Last edited by Waidmann; 11-29-2019 at 10:12 PM.
    Absalom, Injunbro, Cliff and 2 others like this.

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    Quote Originally Posted by TaylorRatliff1995 View Post
    ...(1.) On the butt of the grip, there is a W.B. marking (normal stamp as I have one on another pre-victory revolver ). The marking looks a little shallow in comparison to other markings on the gun, but maybe the inspector was just being easy on his stamp for this one? (2.) The weird looking flaming bomb stamp right next to the previously mentioned W.B. stamp. I'm not going to lie, I didn't really notice it at the military show since I was too focused on the rest of the gun and this is one weird looking stamp. I cannot tell if it was an attempted double stamp or if one if the thin flame lines broke off the stamp and is missing or something. The reason I am confused about this gun is that my other pre-victory model revolver has both of these markings in this area,.....
    Is your other pre-Victory with the markings also a US variant or a British Service model?

    Based on Pate’s model summaries, Waldemar’s initials were only applied to the British variant until 7/42, not to any version of the US model. The latter did not get initials until after Guy H. Drewry had taken over. And this serial would indeed fall into the early period of Navy direct purchases when no inspection or acceptance marks were applied.

    There is a history of faking the “red letter” Navy guns. Since authentic pantograph engraving machines were widely available after WW II, any fake is not necessarily unauthentic, and therefore hard to detect. And since the other marks were hand-stamped, definite answers can also be hard to come by.
    Waidmann likes this.

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    Thanks for the reply. What all do I need to do to get a factory letter and how much does it cost? I figure that if I have invested this much into it already, gamble a little more with paying for a factory letter to hopefully prove whether I scored a good Navy contract gun, or whether I just learned an expensive lesson. Haha
    Taylor

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    Quote Originally Posted by TaylorRatliff1995 View Post
    What all do I need to do to get a factory letter and how much does it cost? I figure that if I have invested this much into it already, gamble a little more with paying for a factory letter to hopefully prove whether I scored a good Navy contract gun, or whether I just learned an expensive lesson. Haha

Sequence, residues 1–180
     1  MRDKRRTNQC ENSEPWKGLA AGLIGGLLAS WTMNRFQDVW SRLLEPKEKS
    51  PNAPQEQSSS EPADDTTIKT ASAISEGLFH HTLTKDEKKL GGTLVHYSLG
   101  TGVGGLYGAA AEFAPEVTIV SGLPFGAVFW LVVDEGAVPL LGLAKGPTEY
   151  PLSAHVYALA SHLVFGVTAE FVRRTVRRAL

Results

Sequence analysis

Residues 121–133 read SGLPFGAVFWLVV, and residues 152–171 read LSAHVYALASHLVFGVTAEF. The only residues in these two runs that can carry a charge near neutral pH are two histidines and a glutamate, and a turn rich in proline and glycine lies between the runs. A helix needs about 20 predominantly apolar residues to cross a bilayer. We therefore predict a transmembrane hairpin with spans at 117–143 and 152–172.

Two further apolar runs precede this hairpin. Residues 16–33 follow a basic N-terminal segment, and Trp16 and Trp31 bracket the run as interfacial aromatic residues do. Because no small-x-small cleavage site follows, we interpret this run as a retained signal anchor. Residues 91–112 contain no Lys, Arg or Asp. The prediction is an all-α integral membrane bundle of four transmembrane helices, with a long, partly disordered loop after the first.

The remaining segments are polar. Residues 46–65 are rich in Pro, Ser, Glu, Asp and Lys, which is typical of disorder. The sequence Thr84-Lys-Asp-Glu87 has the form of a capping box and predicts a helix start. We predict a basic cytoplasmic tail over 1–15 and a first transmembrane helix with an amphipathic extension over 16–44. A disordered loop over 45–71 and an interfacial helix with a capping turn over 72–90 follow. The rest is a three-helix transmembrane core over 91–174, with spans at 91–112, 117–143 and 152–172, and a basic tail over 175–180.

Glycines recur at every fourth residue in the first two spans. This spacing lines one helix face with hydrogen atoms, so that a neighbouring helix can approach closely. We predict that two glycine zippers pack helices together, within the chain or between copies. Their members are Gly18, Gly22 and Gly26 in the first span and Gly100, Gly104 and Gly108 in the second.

Here is the link to the SWHF page that explains the process and has the form. You want the first kind, the Letter of Authenticity.

    Smith & Wesson Historical Foundation - Home Page - Insuring that the rich history of Smith & Wesson will continue for generations to come
    Cliff likes this.

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    To answer your question about my other previctory, I am unsure since it is a 5" barrel version in .38 S&W, but it doesn't have any British markings on it. However, it does have an Austrian Police marking and rack number on the gun.
    Taylor

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    The more I look at my gun, the more I am thinking that I just bought a faked one. It seems that all of the red letter examples say "PROPERTY OF U.S. NAVY" as where mine only says " PROPERTY U.S. NAVY". The small things are starting to add up to really discredit this gun. I will still get a letter for it to drive in the final nails in the coffin, but on the positive side, I have a nice faked Navy revolver to take to the range.
    Injunbro likes this.
    Taylor

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    Yes, your Austrian police gun is a British Service model and thus has the WB and ordnance mark. These generally don’t have British postwar proofs since they were issued to the Austrians in 1946 from British military and Lend-Lease stocks and then surplused out by the Austrians after 1955, without going back through Britain.

    Yes, if the other gun’s Navy stamping isn’t even complete, it’s likely not genuine. With that serial, it could still be a Navy gun; in 1942, there are quite a few that are unstamped, but still letter as Navy-shipped. But a DSC destination is more likely.